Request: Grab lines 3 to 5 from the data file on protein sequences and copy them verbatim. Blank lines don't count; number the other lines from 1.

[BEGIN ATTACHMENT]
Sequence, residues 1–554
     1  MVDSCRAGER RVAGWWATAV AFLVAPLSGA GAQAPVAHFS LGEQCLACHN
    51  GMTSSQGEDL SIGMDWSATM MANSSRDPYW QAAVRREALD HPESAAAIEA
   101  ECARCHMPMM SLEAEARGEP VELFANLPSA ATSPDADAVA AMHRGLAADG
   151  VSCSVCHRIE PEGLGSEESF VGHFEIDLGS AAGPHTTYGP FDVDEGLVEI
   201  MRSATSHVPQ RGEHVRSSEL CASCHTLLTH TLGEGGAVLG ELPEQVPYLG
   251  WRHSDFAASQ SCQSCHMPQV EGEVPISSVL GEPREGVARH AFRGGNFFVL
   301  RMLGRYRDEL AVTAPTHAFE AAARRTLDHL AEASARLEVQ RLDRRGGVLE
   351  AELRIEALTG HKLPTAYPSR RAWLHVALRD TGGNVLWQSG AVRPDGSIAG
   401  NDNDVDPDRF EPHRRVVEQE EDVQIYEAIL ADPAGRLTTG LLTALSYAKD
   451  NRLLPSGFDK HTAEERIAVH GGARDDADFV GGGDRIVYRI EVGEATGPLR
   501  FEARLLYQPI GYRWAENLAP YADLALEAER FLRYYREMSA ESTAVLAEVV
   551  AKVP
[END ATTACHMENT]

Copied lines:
    51  GMTSSQGEDL SIGMDWSATM MANSSRDPYW QAAVRREALD HPESAAAIEA
   101  ECARCHMPMM SLEAEARGEP VELFANLPSA ATSPDADAVA AMHRGLAADG
   151  VSCSVCHRIE PEGLGSEESF VGHFEIDLGS AAGPHTTYGP FDVDEGLVEI